The Eclipse? We've heard that before, right?
It's a familiar name to Mitsubishi fans, but affixed to a very different model here. Mitsubishi has used the Eclipse name before, on a coupe for the American market. Here it's applied not to something lithe and sporty, but the latest of the current crop of SUVs and crossovers that increasingly make up the volume family car marketplace. Qashqai-country, if you must, as Nissan's genre-bending original defined the segment, and the Mitsubishi Eclipse Sport now aims directly at Nissan's cash cow.
That's some goal...
Indeed, though it's a big, and ever-growing marketplace so there's plenty of room for a new contender. The Eclipse Cross won't replace either the Mitsubishi ASX below it or the Outlander above it. In time the ASX should shrink a bit to make the line-up clearer, while the Outlander will remain as is until its replacement around 2020. The Eclipse Sport adds to the choice at Mitsubishi dealers, then, and, if it does its job right, will drag a few people out of rivals' showrooms.
By being different, but the same. It's a five-seat SUV/crossover that should attract buyers just because it's not one of the established models. The bold styling will help, too, overseen by Mitsubishi's new design boss Tsunehiro Kunimoto, whose previous portfolio includes Nissan's Juke. The front is familiar Mitsubishi stuff, with a sharp interpretation of the firm's 'Dynamic Shield' design, while the rear is more divisive, with high-mounted lights cutting across the rear hatch and window.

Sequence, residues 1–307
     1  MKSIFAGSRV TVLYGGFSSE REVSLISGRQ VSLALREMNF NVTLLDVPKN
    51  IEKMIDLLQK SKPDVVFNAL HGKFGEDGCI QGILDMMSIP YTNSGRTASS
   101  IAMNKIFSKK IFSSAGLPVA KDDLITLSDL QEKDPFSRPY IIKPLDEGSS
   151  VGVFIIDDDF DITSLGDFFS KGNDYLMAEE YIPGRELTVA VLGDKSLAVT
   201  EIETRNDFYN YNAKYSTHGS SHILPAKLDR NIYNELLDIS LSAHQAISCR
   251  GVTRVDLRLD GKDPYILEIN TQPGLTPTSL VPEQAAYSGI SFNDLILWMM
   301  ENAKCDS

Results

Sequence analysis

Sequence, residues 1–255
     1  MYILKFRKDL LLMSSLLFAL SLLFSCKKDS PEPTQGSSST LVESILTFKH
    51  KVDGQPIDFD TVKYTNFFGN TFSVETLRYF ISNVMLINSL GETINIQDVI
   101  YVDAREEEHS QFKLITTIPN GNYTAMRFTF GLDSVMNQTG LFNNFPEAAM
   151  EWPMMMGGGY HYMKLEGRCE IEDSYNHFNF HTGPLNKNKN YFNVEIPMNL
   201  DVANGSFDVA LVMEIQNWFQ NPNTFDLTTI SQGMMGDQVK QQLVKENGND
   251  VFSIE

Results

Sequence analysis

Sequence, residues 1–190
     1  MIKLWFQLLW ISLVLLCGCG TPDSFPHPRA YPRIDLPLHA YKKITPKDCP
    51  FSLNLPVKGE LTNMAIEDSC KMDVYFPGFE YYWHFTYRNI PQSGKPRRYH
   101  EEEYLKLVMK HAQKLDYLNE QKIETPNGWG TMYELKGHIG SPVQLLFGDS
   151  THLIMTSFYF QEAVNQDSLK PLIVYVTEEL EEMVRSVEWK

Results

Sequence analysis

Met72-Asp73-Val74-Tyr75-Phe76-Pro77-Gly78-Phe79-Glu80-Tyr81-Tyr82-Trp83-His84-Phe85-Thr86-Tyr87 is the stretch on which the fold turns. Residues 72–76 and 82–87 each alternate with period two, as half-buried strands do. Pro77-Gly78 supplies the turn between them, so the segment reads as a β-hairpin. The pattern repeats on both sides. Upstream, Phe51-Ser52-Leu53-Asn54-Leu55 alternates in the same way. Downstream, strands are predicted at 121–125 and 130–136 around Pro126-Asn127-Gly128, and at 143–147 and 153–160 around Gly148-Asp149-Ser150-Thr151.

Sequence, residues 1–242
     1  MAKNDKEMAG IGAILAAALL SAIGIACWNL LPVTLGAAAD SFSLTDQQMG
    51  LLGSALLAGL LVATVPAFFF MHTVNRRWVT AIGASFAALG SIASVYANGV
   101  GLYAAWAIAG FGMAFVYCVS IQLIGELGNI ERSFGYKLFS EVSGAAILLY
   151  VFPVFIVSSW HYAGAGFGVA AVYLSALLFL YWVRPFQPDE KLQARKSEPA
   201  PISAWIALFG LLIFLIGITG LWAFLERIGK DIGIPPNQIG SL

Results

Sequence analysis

And powering it?
Not, as we'd anticipated, a hybrid powertrain, which, given the firm's massive leadership in the UK PHEV marketplace, looks like an oversight. No, power will come from a choice of either a 1.5-litre turbocharged petrol engine or a re-worked 2.2-litre common-rail turbodiesel. Insiders tell us that it's been engineered from the outset to accommodate a hybrid drivetrain though, so we'd be amazed if there's not one with a plug and cable in the boot soon.
And powering it?
Correct; the Eclipse Cross uses Mitsubishi's Super All-Wheel Control (S-AWC) four-wheel-drive system that diverts drive to the rear wheels when it's needed. Given the majority of its rivals are front-wheel drive, we'd anticipate Mitsubishi takes the same route, not least to maximise potential economy and emissions savings. There are no numbers associated with the announced engines yet, as Mitsubishi will reveal more details nearer the car's early 2018 on-sale date.
And the interior?
Nothing revelatory really; a sharper design dominates though, as does a cabin that can rival its competition for material quality and finish. There'll be plenty of connectivity and user-friendliness, too, with smartlink allowing Apple CarPlay or Android Auto and Google Maps, all controlled by a Touchpad Controller in the transmission tunnel. There's also a head-up display, though this is certain to be an option on all but the most expensive models.
How much then?
We cannot say for certain, as it's still a while off, but the competition is healthy in the £20,000-£30,000 arena, so we'd expect it to slot right in there.
Kyle Fortune - 7 Mar 2017